click for a larger image of item #36235, Crime Novels: American Noir of the 1930s and 1940s, and American Noir of the 1950s (n.p.), Library of America, (1997). Advance copies, in the form of unbound signatures (i.e. folded and gathered sheets) of both volumes issued by the Library of America, here sent for review to the New York Times. Collects 11 noir novels, by Jim Thompson, Patricia Highsmith, Cornell Woolrich, Horace McCoy, David Goodis, Chester Himes, Charles Willeford, James M. Cain, Kenneth Fearing, William Lindsay Gresham, and Edward Anderson. The publication of these two volumes, and the reprinting of the 11 novels in them, serve as confirmation of their being a part of the American literary canon, even though some of them were originally only published as paperback originals, a format that was long considered more or less disposable. Fine, but for small remnant of an old rubber band, now replaced. With accompanying letter and publicity information. Uncommon in any sort of advance format. [#036235] SOLD
(Nuclear Energy)
click for a larger image of item #36236, The National Energy Program: Why It Does Not Exist St. Louis, Center for the Biology of Natural Systems, 1975. The partial text (so stated, by design) of Commoner's address before the National Press Photographers Association Education Seminar in Jackson Hole in 1975, on the subject of nuclear energy. Commoner derides the lack of attention paid to the relationship between ecosystems and economic systems. Solutions are given in the following part of the address, not here included. Stapled wrappers: foxing to cover, rust to staples; near fine. No copies in OCLC. [#036236] $250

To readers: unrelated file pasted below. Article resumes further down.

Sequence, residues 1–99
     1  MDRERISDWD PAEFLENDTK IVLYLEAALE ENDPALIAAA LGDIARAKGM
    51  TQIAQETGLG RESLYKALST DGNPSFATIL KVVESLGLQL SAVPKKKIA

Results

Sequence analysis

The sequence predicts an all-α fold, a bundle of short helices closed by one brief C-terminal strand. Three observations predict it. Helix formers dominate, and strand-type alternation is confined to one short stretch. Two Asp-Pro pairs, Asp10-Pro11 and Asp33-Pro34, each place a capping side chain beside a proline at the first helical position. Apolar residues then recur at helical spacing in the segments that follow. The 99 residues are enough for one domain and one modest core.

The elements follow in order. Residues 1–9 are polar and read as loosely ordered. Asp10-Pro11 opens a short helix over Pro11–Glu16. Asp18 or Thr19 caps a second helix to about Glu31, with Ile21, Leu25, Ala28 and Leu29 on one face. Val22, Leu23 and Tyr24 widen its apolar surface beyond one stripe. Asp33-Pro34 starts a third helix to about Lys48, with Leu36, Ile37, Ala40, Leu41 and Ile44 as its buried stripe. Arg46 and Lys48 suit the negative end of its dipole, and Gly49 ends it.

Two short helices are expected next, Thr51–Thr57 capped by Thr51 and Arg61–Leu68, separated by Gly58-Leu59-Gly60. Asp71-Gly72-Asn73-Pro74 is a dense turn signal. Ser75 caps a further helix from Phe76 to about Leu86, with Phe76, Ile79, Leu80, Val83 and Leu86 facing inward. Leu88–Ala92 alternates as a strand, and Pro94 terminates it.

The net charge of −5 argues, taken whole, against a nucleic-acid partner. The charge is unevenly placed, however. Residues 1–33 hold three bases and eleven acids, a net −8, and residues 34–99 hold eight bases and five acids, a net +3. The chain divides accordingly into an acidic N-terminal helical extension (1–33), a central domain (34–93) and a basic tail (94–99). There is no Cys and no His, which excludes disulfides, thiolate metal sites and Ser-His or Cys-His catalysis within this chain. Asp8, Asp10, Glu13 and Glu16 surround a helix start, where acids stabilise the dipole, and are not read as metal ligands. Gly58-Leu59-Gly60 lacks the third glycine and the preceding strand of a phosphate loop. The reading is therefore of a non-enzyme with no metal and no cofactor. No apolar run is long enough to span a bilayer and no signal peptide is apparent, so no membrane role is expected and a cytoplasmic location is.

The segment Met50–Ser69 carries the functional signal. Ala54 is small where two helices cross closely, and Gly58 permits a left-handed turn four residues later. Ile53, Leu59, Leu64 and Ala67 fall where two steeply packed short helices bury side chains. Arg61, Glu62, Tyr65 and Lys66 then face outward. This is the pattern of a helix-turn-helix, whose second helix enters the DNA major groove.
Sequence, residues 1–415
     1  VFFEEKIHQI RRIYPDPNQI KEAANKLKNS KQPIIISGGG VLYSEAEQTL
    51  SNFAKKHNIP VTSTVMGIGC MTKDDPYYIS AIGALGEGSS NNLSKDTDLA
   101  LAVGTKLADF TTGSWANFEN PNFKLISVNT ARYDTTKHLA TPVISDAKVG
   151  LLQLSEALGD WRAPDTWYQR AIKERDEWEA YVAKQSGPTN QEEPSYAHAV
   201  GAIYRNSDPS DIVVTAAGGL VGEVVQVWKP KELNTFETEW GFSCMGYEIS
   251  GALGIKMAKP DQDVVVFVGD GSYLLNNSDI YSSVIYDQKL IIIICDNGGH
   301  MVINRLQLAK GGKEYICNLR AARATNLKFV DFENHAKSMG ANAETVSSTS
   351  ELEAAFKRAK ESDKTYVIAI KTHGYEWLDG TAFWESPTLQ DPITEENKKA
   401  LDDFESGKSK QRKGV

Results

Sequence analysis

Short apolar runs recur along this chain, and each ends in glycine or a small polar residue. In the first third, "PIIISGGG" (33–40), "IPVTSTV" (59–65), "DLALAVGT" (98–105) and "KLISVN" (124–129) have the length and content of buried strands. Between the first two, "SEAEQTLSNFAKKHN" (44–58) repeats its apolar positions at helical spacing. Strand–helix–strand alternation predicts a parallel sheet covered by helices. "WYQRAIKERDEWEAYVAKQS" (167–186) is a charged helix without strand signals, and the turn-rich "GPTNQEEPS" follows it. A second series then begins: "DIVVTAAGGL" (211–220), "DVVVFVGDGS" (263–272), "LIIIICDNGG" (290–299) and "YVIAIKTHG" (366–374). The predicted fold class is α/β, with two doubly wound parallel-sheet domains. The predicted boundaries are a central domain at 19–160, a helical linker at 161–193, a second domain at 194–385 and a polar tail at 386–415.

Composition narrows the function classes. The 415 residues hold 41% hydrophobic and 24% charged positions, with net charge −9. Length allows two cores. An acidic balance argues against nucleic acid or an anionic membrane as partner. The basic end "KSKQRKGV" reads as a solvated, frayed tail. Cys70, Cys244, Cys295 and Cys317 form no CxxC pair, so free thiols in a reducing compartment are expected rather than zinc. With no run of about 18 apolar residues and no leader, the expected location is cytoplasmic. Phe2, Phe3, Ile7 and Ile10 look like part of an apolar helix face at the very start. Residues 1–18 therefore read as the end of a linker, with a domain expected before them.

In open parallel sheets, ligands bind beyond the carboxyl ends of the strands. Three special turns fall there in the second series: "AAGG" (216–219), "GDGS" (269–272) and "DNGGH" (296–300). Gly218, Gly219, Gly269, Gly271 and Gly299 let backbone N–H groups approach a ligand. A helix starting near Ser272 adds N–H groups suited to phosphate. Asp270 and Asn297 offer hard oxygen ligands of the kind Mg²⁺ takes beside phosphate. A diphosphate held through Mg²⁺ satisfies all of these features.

click for a larger image of item #36237, Where the Crawdads Sing NY, Putnam's, (2018). The advance reading copy of one of the best-selling books of all time (i.e. selling somewhat less than Dune but more than Goodnight, Moon). This was Owens' first book of fiction and her first solely-authored book, after several written with her husband, one of which, Cry of the Kalahari, won the John Burroughs Medal. Where the Crawdads Sing was made into a film that was produced by Reese Witherspoon, who also selected the book for her book club. Fine in self-wrappers. Uncommon in the first printing, and even more so in an advance issue. [#036237] SOLD
click for a larger image of item #36238, Stories of the Seven-Headed Sewing Machine (Sylva), New Native Press, 1992. The first U.S. edition of the Hungarian performance artist's book of prose poems. This is Copy No. 177 of 300 copies signed by the translator, Emoke Z. B'Racz, herself a poet (and bookseller: founder of Asheville's Malaprop's Bookstore/Cafe). Slight lower corner curl; near fine in saddle-stitched wrappers. [#036238] SOLD
click for a larger image of item #36239, The Dice Man NY, Morrow, 1971. The uncorrected proof copy of the first American edition of this novel about "dicing" or "dice living" (living life according to the roll of the die). Rhinehart is Cockcroft's pen name, and also the name of the main character in the book, leading to ambiguity as to whether it was fiction or not when it was first published. Such ambiguity did not help its early sales, but over time the book has become a cult classic, selling over two million copies and positing the idea that substituting a throw of the dice for the normal criteria for decision-making contains a germ of wisdom about living life. Creasing to the faded spine from binder's glue; corner crease rear cover; near fine in wrappers. An uncommon proof. [#036239] $250